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School of Medicine
“Human biological materials” include, but are not limited to, blood, urine, saliva, or other bodily fluids; tissues; hair or nails; placentas and umbilical cords; sperm, oocytes, and products of conception; excess pathology tissue; and waste surgical tissue.
A. The Department of Health and Human Services (DHHS) defines human subject research to be the “systematic investigation, including research development, testing and evaluation, designed to develop or contribute to generalizable knowledge.” (45 CFR 46.102(d).) As per July 20, 2004 DHHS/NIH guidance, “research” includes the creation of a database or repository for use in future research.
B. The FDA definition of “research” includes any experiment that involves a test article and one or more human subjects and that either is subject to requirements for prior submission to the FDA, or is not subject to requirements for prior submission, but the results of which are intended to be submitted later to, or held for inspection by, the FDA as part of an application for a research or marketing permit.
Note: Clinicians who study biological materials obtained from a single patient, for patient-care purposes only, are not conducting research.
The collection or use of any human biological materials for research is subject to the oversight of the JHM IRB and must comply with the policies of the IRB and of the institution or department from which tissue is obtained (e.g., Department of Pathology, Dept. of Surgery, Maternal and Fetal Medicine Committee, etc.).
Whenever human biological materials will be obtained for research in connection with a research protocol, the investigator must obtain specific consent for collection and for each use of the biological materials for research purposes. For example, if blood or tissue are drawn for routine laboratory analysis during research, the patient’s specific informed consent must be obtained t (1) perform genetic analyses, or (2) for the investigator or sponsor to archive the materials, even if identifiers are removed, unless the subject is informed that de-identified materials may be used in future research. The alteration of any clinical procedure to accommodate research (e.g., collecting additional tissue during a biopsy), requires IRB approval and the patient’s specific informed consent.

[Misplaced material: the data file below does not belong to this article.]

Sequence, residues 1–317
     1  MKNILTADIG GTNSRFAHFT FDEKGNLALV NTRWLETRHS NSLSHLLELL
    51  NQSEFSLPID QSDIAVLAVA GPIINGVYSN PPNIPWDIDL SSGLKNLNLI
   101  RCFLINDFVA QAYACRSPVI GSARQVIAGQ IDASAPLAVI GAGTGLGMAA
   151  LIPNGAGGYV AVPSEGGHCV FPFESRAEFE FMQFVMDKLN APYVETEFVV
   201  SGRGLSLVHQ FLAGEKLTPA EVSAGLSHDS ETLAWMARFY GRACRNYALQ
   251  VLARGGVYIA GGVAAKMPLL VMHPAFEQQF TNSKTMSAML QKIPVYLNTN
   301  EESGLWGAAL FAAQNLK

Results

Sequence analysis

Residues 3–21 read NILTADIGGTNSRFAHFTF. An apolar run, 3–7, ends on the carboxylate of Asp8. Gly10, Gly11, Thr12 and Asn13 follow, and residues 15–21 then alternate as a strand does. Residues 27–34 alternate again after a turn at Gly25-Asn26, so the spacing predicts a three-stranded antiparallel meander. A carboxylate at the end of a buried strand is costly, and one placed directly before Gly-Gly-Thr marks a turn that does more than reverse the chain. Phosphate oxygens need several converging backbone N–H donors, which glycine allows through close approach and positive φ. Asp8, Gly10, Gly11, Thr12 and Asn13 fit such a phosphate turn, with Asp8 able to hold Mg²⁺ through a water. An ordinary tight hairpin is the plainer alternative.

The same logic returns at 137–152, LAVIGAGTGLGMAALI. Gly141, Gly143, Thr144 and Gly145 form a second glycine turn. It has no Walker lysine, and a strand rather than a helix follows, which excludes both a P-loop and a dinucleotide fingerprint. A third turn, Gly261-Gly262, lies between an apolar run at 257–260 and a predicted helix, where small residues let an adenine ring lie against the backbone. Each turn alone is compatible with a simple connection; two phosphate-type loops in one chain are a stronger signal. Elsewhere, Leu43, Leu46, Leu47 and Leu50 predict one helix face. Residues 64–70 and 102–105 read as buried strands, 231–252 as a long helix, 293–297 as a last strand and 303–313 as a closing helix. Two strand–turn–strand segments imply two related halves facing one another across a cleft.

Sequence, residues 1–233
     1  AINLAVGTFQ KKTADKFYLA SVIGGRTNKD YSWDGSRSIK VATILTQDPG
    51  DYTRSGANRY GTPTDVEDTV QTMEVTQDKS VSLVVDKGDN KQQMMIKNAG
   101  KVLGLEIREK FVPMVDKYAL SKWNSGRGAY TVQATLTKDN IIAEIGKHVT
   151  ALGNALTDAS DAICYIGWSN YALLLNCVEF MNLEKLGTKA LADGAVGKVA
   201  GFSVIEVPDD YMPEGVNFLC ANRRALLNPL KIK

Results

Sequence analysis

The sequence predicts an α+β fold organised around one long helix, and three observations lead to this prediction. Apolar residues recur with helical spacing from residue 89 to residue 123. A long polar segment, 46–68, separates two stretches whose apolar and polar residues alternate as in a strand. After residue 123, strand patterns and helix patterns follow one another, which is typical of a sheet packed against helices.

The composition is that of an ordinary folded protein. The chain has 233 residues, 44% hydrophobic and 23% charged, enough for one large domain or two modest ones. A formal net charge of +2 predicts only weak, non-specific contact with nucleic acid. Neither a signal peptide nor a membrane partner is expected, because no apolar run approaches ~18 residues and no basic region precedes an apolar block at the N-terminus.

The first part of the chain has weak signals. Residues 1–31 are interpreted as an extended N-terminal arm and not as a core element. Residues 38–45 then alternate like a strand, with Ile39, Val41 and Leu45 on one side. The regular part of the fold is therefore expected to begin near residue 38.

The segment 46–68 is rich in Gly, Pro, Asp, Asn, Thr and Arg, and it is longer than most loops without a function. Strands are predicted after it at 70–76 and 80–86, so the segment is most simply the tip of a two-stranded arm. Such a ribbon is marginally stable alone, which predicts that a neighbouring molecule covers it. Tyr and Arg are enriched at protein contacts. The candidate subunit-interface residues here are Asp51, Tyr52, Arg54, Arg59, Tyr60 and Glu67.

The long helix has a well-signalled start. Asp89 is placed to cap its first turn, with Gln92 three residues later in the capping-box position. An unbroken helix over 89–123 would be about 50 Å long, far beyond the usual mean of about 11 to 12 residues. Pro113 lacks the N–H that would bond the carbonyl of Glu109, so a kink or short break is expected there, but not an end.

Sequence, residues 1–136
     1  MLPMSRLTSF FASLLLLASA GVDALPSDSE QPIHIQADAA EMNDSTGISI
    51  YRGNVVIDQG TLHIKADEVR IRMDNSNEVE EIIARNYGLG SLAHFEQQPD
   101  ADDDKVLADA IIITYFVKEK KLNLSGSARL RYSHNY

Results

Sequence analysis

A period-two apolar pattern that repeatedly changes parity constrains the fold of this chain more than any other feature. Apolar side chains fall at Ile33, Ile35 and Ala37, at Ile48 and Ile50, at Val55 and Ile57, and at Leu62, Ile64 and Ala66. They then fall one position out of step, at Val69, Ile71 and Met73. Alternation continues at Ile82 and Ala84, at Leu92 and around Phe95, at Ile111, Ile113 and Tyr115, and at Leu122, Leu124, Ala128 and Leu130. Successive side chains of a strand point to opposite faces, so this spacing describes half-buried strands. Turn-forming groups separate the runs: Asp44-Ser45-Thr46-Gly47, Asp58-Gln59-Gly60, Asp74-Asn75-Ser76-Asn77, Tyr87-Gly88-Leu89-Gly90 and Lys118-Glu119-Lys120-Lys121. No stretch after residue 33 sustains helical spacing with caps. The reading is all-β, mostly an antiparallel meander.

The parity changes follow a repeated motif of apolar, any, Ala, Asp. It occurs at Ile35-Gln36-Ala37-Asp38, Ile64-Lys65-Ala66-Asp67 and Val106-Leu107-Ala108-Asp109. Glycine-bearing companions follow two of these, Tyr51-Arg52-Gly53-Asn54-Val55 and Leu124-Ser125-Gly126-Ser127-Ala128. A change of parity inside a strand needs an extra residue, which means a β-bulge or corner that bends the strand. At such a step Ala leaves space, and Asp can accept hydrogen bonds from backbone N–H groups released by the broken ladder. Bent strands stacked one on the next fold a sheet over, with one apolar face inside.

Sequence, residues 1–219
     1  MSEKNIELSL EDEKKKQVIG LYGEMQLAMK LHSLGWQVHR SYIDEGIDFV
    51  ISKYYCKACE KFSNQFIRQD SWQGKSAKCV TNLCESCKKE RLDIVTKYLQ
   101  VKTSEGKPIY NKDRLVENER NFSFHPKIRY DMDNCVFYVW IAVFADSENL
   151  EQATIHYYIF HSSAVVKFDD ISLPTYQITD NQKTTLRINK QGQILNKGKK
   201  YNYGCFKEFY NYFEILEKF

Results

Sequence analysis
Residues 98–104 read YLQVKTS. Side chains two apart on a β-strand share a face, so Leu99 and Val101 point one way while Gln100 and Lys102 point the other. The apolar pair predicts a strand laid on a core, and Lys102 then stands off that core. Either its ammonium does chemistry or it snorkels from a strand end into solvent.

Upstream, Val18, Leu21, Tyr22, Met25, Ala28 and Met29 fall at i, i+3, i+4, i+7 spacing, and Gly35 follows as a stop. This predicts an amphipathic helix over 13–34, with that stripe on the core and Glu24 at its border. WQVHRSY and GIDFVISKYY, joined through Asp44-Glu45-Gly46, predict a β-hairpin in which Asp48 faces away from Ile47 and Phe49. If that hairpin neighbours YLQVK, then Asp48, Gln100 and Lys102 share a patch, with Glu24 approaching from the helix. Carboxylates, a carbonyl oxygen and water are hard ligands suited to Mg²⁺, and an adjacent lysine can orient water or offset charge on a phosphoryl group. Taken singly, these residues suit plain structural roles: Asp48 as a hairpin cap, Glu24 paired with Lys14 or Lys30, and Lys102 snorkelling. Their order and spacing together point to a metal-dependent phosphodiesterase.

“Existing” materials include any materials collected solely for clinical purposes that are no longer needed for patient care, and any materials in a pre-existing repository. Materials added in the future to an established, IRB approved, repository are considered to be “existing.”
The requirements for use of “existing” materials for research depends upon whether or not that research is regulated by the Food and Drug Administration. The FDA has its own rules for research involving an FDA test article and human biological materials.